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USA Defeats Finland, 9-4, En Route to Hlinka Semifinal

08/13/2014, 9:30am MDT
By USAHockey.com

BRECLAV, CZECH REPUBLIC—The U.S. Under-18 Select Team topped Finland, 9-4, en route to a semifinal bid in the 2014 Ivan Hlinka Memorial Cup. Knotted at 3-3 in the second period, Team USA notched six of the next seven goals, including four in the final seven minutes of play. Thomas Novak (River Falls, Wis.) led the U.S. with two goals and two assists, while Troy Terry (Highlands Ranch, Colo.) tallied a hat trick. The win sets up a semifinal showdown with Canada Friday (Aug. 15) at 11:30 a.m. ET.

“Despite the final score, the game was very even,” said Derek Plante, head coach of the U.S. Under-18 Select Team. “Finland is a good team with excellent coaches. We want to play the same way in the upcoming games and continue to improve.”

Finland opened the scoring five minutes into the game.

At 16:55 of the period, the U.S. converted on the man-advantage for the equalizer when Novak beat the Finnish goaltender near post.

In the second stanza, the Finns again struck early to jump out to a 2-1 lead 

At 2:32, Terry netted his first goal of the game on a cross-crease pass from Novak, making it 2-2. Ten minutes later, while the Finns were on a power play, Karch Bachman (Wolcottville, Ind.) capitalized on a Finnish mishandle at the U.S. blue line for a shorthanded tally.

On the man-advantage, the Finns tied the game, 3-3, at 15:15.

Team USA took the lead for good when Brock Boeser (Burnsville, Minn.) skated up the left wing, took a shot and Robert Jackson (Alameda, Calif.) was there to tap the rebound into a nearly empty net at 16:25.

After killing a penalty to start the third period, Novak followed up his own shot to make it 5-3.

Finland then climbed within a goal, capitalizing on a five-on-three situation at 4:30.

In the final seven minutes, Team USA scored four straight goals to secure a spot in the semifinal round of competition. At 15:39 Dennis Yan (Ann Arbor, Mich.) left the penalty box, rushed up ice and deflected a Bachman shot for a goal. Fifteen seconds later, Jackson led an up-ice rush on the right wing, made a cross-ice pass and Terry put the puck into another near empty net for his second goal of the game.

The U.S. scored another set of back-to-back goals, beginning with Boeser’s slap shot that snuck under the cross bar, making it 8-4. Terry completed his hat trick, firing the puck in the same spot as Boeser, for the ninth U.S. goal.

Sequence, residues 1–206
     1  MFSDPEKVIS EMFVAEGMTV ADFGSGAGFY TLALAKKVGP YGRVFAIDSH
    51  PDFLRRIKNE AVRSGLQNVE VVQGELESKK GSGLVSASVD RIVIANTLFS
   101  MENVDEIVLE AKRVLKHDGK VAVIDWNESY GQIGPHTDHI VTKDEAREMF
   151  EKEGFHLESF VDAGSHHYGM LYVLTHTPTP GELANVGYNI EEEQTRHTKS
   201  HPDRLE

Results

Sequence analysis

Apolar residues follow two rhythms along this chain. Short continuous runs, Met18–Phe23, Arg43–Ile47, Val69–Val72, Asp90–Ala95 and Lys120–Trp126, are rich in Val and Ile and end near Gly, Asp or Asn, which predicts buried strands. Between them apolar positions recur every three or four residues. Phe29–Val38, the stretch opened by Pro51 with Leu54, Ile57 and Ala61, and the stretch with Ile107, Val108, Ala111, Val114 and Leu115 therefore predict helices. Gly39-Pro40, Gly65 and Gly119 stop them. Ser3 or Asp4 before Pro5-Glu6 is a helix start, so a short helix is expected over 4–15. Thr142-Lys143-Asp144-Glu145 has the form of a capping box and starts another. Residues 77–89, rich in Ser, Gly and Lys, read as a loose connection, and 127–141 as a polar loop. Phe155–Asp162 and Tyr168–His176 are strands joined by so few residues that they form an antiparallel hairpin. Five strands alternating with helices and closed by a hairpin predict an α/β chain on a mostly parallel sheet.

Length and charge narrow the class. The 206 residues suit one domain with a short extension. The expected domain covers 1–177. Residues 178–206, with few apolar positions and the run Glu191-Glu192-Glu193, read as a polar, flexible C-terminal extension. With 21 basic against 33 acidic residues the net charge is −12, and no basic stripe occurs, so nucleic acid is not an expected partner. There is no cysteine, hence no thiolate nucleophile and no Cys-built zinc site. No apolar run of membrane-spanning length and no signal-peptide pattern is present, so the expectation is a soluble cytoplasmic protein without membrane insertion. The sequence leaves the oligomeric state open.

The U.S. Under-18 Select Team will travel to Piestany, Slovakia, to take on familiar foe Canada in the semifinals Friday (Aug. 15) at 11:30 a.m. ET.

Stay tuned to USAHockey.com for complete Team USA Hlinka Cup coverage. Also, follow @USAHockeyScores for in-game updates. Play-by-play action is available at eurolivescores.com.

Notes: Novak led all scorers with four points (2-2) today … Terry notched three points (3-0) … Novak (2-5), Boeser (5-1), Yan (3-3), Jackson (2-2) and Gabriele (1-3) are all in the top 10 for tournament scoring … Novak (2-5) and Boeser (5-1) are first and second, respectively.

USA vs. Finland Box Score

First PeriodScoring: 1, FIN, Tammela (Aho), 5:16; 1, USA, Novak (Young, Gabriele), 16:55 (PP). Penalties: USA, Olson (high-sticking), 0:14; FIN, Juolevi (slashing), 15:21; USA, Olson (tripping), 18:22.

Second PeriodScoring: 2, FIN, Palmu (unassisted), 0:49; 2, USA, Terry (Novak, Jackson), 2:32; 3, USA, Bachman (unassisted), 13:45 (SH); 3, FIN, Saarijarvi (Palmu, Nattinen), 15:15 (PP); 4, USA, Jackson (Boeser), 16:25. Penalties: USA, Yan (high-sticking), 4:37; FIN, Ruotsalainen (slashing), 7:14; USA, Wilkie (cross-checking), 12:51; USA, Bachman (10-minute misconduct), 13:45; USA, Cecconi (interference), 14:44; FIN, Tavernier (roughing), 15:41; USA, Boeser (roughing), 15:41; FIN, Tammela (slashing), 17:50; USA, Novak (charging), 19:55.

Third PeriodScoring: 5, USA, Novak (unassisted), 2:19; 4, FIN, Aho (Vainio), 4:30 (PP), 6, USA, Yan (Bachman), 13:39; 7, USA, Terry (Jackson, Gabriele), 13:54; 8, USA, Boeser (Foley), 16:47; 9, USA, Terry (Novak), 17:54. Penalties: USA, Filipe (slashing), 2:32; USA, Terry (cross-checking), 2:32; FIN, Mattila (hooking), 5:20; USA, Novak (hooking), 7:36; FIN, Jarvinen (slashing), 10:37; USA, Yan (tripping), 11:18.

Shots by Period
1st
2nd
3rd
Total
USA
19
15
12
46
FIN
9
14
9
32

 

Goals by Period 1st 2nd 3rd Total
USA 1 3 5 9
FIN 1 2 1 4

 

Goaltenders Time 1st 2nd 3rd Total
Sarthou 60:00 8/9 12/14 8/9 28/32
Vehvilainen 60:00 18/19 12/15 7/12 37/46

 

Special Teams USA FIN
Penalties (Penalties/Minutes) 10/28 4/8
Power Play (Goals/Chances) 1/4 2/9

Team USA Schedule for 2014 Ivan Hlinka Memorial Cup

Date Opponent Time (Local/ET)
Aug. 9 Slovakia (Exhibition) W, 8-3
Aug. 11 Czech Republic L, 2-4
Aug. 12 Russia W, 7-4
Aug. 13 Finland W, 9-4
Aug. 15 Semifinal vs. Canada L, 5-11
Aug. 16 Third-Place Game vs. Sweden W, 5-4